The 2017 draft class of running backs is really good, perhaps the best the NFL has seen in a decade.
But are any of them valuable enough to be one of the richest running backs in the league, like, immediately?
Decision-makers will weigh that unique calculus Thursday at the top of the first round, a counterintuitive imposition that reflects the disposable nature of the position and exposes a stark refusal to fund it.
The NFL’s rookie pay scale, which is meant to cap a player’s earnings far below those of the league’s most accomplished veterans, actually ends up working in a first-round running back’s favor. Those who are highly drafted get a contract that guarantees more money than most others at the position because of the devaluing of the position leaguewide.
Don’t believe me? Take a look at these numbers from ESPN Stats & Information that show the average guaranteed money for the five highest-paid players at each position:
And then compare the running back figure above ($19.2 million) to the recent guarantees given to three running backs who went in the first round: the Dallas Cowboys‘ Ezekiel Elliott ($24.96 million in 2016), the Los Angeles Rams‘ Todd Gurley ($13.82 million in 2015) and the Los Angeles Chargers‘ Melvin Gordon ($10.7 million in 2015).
All three were among the richest players at their position before ever playing a down. That’s extremely unusual compared with all other positions.
Generally speaking, if an NFL player is going to receive top-end money, it comes with his second contract. Running backs rarely get one, for reasons we’ll consider in a moment, and thus the rookie scale by default imposes high-end deals on first-round picks.
If a running back is selected in the top 10 on Thursday night — perhaps LSU’s Leonard Fournette, Florida State’s Dalvin Cook or Stanford’s Christian McCaffrey — he will be guaranteed more money than every running back in the NFL except Elliott and the Buffalo Bills‘ LeSean McCoy ($26.55 million).
Considered more broadly, a first-round pick in 2017 will be guaranteed at least $7 million in his first contract. At the moment, there are 14 running backs in the entire league who make that much in guaranteed money.
Projected guaranteed money for 2017 first-round picks
So you could argue that a running back drafted in the first round Thursday would be among the 15 highest-paid players at his position before he steps onto an NFL field. Why is that? It’s not a flaw of the rookie scale as much as it is a financial devaluing of the position.
To be clear, running backs have remained integral parts of NFL offenses during the league’s shift to passing-focused schemes. In 2016, for example, they handled more than half of the total offensive touches and were responsible for about 20 percent of the receiving yards.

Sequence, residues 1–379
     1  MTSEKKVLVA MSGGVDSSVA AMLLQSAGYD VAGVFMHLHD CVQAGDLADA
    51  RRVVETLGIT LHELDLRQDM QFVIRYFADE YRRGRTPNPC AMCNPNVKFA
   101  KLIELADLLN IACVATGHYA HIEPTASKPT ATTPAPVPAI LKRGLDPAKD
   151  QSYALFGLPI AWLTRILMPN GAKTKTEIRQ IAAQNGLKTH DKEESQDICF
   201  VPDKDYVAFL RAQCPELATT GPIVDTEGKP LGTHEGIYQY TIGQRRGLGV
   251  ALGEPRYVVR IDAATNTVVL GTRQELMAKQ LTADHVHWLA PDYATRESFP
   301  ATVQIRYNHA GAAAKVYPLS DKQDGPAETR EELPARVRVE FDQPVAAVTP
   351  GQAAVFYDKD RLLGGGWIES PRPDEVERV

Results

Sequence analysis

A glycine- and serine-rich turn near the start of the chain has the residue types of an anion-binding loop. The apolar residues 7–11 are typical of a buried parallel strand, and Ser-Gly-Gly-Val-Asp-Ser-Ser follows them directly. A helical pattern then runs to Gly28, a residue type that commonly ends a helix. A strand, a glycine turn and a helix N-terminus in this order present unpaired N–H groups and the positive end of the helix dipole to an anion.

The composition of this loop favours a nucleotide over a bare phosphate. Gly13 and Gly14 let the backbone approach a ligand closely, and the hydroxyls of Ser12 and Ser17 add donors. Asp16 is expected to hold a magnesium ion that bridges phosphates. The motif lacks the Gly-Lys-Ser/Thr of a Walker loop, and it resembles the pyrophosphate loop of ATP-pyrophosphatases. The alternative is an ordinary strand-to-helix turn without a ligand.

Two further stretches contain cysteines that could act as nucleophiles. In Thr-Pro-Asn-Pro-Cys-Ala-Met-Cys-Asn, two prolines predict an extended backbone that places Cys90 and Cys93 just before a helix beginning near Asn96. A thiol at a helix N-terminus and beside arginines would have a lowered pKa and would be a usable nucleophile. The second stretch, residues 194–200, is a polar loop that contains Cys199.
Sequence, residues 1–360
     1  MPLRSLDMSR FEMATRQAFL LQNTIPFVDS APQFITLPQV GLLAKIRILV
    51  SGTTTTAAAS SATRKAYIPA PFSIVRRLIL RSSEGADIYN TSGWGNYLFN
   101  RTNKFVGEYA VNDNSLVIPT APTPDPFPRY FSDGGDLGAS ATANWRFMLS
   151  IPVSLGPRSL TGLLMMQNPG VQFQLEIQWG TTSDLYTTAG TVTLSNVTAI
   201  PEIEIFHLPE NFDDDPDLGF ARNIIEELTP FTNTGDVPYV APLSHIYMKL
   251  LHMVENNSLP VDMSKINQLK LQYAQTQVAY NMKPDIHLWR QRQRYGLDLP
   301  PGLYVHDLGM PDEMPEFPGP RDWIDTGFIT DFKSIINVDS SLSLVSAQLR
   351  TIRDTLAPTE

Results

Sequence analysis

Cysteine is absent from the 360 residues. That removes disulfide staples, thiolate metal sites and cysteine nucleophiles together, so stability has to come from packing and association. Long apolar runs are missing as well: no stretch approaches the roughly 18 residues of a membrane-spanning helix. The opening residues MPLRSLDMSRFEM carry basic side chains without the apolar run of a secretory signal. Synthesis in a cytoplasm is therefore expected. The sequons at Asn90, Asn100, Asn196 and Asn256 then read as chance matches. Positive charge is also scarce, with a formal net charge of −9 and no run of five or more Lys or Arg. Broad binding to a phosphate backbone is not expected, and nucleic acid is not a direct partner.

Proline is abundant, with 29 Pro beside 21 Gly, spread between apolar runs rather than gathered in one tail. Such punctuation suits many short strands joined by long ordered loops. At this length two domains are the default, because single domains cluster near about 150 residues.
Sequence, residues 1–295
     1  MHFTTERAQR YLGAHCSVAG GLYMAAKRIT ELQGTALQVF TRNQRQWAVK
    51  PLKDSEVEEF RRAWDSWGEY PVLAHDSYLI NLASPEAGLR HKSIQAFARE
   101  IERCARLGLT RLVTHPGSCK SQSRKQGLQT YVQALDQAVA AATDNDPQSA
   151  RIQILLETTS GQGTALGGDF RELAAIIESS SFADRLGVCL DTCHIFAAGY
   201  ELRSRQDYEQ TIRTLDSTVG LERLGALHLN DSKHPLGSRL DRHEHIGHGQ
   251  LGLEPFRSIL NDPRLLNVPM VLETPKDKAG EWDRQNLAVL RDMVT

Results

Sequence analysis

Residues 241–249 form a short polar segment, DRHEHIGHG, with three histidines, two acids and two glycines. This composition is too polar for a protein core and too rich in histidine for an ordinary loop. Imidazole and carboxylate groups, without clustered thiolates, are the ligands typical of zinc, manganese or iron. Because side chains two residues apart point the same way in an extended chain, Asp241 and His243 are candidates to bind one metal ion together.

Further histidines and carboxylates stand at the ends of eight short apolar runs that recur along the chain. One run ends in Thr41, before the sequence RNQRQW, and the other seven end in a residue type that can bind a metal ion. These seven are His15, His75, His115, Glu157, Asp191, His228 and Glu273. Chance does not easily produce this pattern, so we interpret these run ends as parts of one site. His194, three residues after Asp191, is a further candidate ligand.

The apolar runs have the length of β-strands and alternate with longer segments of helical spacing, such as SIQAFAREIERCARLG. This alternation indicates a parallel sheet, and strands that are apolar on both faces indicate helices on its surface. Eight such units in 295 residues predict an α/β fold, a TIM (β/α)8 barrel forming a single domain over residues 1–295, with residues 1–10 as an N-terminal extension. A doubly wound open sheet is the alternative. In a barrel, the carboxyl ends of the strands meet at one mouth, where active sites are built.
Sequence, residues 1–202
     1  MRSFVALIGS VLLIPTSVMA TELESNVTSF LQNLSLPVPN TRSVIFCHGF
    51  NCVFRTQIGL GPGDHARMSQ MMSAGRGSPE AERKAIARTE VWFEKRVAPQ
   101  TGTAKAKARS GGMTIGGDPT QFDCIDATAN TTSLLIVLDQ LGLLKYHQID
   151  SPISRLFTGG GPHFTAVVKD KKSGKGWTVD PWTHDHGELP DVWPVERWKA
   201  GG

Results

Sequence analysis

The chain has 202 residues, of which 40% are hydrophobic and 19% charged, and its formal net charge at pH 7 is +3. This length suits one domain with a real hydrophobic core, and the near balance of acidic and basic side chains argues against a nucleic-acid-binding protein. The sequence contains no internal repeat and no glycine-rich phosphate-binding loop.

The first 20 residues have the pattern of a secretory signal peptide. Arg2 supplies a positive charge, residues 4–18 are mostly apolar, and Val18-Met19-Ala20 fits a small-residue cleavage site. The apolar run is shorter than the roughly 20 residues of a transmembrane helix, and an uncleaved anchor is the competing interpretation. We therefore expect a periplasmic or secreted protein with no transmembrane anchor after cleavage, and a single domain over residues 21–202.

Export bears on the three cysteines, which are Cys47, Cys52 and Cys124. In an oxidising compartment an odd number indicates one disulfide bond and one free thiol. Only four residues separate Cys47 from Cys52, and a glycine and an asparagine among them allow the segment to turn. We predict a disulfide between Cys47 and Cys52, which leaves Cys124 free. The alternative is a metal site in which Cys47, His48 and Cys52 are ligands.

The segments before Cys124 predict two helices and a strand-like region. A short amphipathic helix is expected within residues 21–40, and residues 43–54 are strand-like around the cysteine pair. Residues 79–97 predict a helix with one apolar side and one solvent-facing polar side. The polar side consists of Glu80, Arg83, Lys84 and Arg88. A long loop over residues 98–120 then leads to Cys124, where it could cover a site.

But the relative wear on their bodies is undeniable. Below is an analysis that many NFL teams use in some form to project future production and thus contract offers. A running back’s best season is at age 26, and by age 29, his average rushing totals have dropped by more than 25 percent. For comparison, consider that the average production of receivers is nearly the same at age 31 as it is at age 26. NFL teams pay for future production, not past achievement.
Average running back output by age
That’s why teams see so much value in younger running backs. Their salaries are fixed by the rookie pay scale at the most productive time of their careers. This year, decision-makers will take the analysis a step further. Is it worth the additional cost of drafting a running back in the first round when there will be good, productive running backs available later in the draft who will be due far less in guarantees?
Go no further than the top of the list of NFL rushing leaders last season for a tangible representation of that debate. Elliott led the league with 1,631 rushing yards. Next was the Chicago Bears‘ Jordan Howard, a fellow rookie who rushed for 1,313 yards. A fifth-round pick in 2016, Howard was guaranteed $248,204 in his rookie deal. Few would deny that Elliott is the superior player, but was he $24.7 million more valuable than Howard?
Recent history suggests it’s quite possible to draft a running back with almost the same production potential in the second round as it is in the first. Below is a comparison using Pro Football Reference’s Approximate Value metric, which measures each player based on his relation to the statistical average at his position.
Running backs drafted in the past five years
This debate is especially pronounced in a year like 2017, when there are so many running backs in the pipeline. Scouts Inc. gave five of them — Fournette, McCaffrey, Cook, Tennessee’s Alvin Kamara and Oklahoma’s Joe Mixon — grades of 80 or higher. That’s the most since 2008, when eight running backs received a grade of at least 80 and five were drafted in the first round.
Running backs drafted in 2008 — including Chris Johnson, Jamaal Charles, Jonathan Stewart and Ray Rice — have rushed for a total of 69,105 yards and 404 touchdowns, the most by any class since the draft went to seven rounds in 1994. The chart below gives you a sense of the relative riches teams will be sifting through Thursday night.
First-round running backs selected since 2008
So what to make of all this?
There is nothing inherently wrong with drafting a running back in the first round, but that player must be a unique and well-rounded player who isn’t simply a rushing machine. Elliott, for example, supplemented his rushing total with 313 receiving yards and respectable pass-blocking as well.
A team drafting a running back in the first round must project him to be one of the best players at his position in the league, because we know one thing for sure: He’s going to be paid like it.